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Function Overloading in C++ : All you Need to Know

Published on Aug 09,2019 13 Views

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C++ is one of those programming languages that is very flexible and it also covers several features of object-oriented programming. Overloading is another feature of this programming language. Following Pointers will be covered in this “Function Overloading in C++” article-

C++ Overloading

When we create two or more members of a class having the same name but different in number or type of parameters, it is known as C++ overloading. In C++, we can overload:

  • methods,
  • constructors, and
  • indexed properties

 

Types of overloading in C++

types-of-overloading-in-c++

 

What is function overloading in C++?

Function Overloading in C++ can be defined as the process of having two or more member functions of a class with the same name, but different in parameters. In function overloading, the function can be redefined either by using different types of arguments or a different number of arguments according to the requirement. It is only through these differences compiler can differentiate between the two overloaded functions.

One of the major advantages of Function overloading is that it increases the readability of the program because we don’t need to use different names for the same action again and again.

 

By changing the Number of Arguments

In this way of function overloading, we define two functions with the same names but a different number of parameters of the same type. For example, in the below-mentioned program, we have made two add() functions to return the sum of two and three integers.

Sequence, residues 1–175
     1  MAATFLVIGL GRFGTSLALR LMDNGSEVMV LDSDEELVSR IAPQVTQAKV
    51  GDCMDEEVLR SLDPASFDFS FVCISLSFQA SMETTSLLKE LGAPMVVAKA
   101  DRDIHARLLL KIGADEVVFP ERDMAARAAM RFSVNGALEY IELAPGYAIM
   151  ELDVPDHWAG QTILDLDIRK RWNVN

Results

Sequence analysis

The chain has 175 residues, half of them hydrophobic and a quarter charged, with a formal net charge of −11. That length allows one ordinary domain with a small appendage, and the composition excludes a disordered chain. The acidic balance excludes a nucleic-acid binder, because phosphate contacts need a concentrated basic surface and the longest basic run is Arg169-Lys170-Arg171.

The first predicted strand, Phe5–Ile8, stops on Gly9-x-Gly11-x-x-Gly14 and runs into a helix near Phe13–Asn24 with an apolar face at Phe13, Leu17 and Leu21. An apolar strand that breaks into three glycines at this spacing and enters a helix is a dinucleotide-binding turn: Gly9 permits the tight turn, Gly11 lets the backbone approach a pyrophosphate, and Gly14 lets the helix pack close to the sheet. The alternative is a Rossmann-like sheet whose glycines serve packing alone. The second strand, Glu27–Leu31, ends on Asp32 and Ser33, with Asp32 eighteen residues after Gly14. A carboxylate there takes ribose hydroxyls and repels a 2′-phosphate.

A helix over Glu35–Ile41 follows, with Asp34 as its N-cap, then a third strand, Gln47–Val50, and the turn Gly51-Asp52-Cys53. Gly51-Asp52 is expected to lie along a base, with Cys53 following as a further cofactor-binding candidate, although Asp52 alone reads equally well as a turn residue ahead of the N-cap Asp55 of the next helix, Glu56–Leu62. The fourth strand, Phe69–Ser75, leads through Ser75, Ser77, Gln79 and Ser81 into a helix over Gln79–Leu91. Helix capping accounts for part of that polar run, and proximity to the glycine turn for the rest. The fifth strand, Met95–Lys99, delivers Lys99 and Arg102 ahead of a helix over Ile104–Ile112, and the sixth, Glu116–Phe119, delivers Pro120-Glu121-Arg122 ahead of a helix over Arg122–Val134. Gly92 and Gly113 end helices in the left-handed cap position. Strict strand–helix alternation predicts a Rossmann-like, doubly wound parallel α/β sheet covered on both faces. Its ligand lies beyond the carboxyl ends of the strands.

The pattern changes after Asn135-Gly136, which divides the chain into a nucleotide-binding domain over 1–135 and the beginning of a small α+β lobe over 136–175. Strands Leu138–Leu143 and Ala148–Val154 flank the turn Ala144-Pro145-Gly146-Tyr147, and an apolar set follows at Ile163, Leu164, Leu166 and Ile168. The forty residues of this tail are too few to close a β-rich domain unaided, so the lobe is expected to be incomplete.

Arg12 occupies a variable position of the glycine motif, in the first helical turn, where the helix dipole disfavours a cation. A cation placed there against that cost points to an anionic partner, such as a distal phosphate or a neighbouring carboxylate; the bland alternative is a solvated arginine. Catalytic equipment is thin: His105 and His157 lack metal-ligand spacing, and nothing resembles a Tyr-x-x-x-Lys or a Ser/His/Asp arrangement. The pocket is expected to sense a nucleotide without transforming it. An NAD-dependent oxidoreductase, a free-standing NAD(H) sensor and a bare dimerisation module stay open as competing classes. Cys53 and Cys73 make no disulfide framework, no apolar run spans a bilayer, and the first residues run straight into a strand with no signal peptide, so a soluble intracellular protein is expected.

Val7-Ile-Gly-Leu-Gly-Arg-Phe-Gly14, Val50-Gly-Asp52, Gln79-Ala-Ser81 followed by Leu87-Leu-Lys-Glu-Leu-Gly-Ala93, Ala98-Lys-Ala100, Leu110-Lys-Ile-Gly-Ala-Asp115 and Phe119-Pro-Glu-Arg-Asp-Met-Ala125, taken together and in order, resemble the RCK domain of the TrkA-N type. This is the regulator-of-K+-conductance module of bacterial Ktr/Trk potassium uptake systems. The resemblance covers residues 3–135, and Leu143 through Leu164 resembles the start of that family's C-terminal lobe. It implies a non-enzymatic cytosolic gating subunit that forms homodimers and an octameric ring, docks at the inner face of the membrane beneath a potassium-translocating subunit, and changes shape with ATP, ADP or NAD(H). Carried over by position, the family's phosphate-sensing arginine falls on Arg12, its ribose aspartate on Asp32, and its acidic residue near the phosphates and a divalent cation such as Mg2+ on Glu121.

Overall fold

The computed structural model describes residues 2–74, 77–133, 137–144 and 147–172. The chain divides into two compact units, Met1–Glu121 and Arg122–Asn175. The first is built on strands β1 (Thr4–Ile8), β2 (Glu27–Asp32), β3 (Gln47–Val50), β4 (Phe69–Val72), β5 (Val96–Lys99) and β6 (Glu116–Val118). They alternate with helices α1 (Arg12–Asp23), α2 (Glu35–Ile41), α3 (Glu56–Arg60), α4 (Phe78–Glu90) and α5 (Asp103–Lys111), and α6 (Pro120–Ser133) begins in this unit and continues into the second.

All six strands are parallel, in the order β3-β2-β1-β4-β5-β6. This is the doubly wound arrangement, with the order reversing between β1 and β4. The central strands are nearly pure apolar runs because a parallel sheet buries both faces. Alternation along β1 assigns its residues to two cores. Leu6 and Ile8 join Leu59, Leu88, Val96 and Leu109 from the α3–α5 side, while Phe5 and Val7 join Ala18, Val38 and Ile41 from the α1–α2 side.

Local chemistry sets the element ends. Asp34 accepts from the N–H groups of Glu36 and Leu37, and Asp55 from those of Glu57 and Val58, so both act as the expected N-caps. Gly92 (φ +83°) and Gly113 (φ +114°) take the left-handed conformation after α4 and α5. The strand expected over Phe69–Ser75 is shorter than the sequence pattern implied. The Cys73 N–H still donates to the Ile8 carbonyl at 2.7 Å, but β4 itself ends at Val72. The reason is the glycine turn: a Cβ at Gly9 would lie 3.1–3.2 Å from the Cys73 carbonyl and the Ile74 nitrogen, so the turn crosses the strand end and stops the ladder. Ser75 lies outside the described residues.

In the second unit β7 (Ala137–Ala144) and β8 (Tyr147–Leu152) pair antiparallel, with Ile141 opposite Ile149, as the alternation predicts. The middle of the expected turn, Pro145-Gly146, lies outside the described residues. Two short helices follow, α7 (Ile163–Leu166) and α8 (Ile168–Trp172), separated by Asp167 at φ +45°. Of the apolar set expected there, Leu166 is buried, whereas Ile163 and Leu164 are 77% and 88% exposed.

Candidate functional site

// first function definition
int add(int a, int b)
{
    cout << a+b;
}

// second overloaded function definition
int add(int a, int b, int c)
{
    cout << a+b+c;
}

Here add() function is said to be overloaded, as it has two definitions, one which accepts two arguments and another which accepts three arguments. Which add() function will be called, depends on the number of arguments.

int main()
{
    add(10, 20);  // add() with 2 parameter will be called

    add(10, 20, 30);  //sum() with 3 parameter will be called

}
#include <iostream>

using namespace std;

int add(int a, int b)
{
    cout << a+b <<endl;
    return 0;
}

int add(int a, int b, int c)
{
    cout << a+b+c <<endl;
    return 0;
}

int main()
{
    
    add(20, 40);  

    add(40, 20, 30);  
}

function-overloading-in-c++-changing-no-of-arguments

In the above example, we overload add() function by changing its number of arguments. First, we define an add() function with two parameters, then we overload it by again defining the add() function but this time with three parameters.

 

By having different types of Arguments

In this method, we define two or more functions with the same name and the same number of parameters, but the data type used for these parameters are different. For example in this program, we have three add() function, the first one gets two integer arguments, the second one gets two float arguments and the third one gets two double arguments.

#include <iostream>

using namespace std;
int add(int x, int y) // first definition
{
    cout<< x+y << endl;

    return 0;
}

float add(float a, float b)
{
	cout << a+b << endl;
	return 0;
}


double add(double x, double y)
{
    cout << x+y << endl;
    return 0;
}

int main()
{
    
    add(20, 40);  

    add(23.45f, 34.5f);

    add(40.24, 20.433);  

}

function-overloading-in-c++-different-types-of-arguments

In the above example, we define add() function three times. First using integers as parameters, second using float as parameters and third using double as a parameter.
Thus we override the add() function twice.

 

Advantages of function Overloading in C++

  • We use function overloading to save the memory space, consistency, and readability of our program.

  • With the use function overloading concept, we can develop more than one function with the same name

  • Function overloading shows the behavior of polymorphism that allows us to get different behavior, although there will be some link using the same name of the function.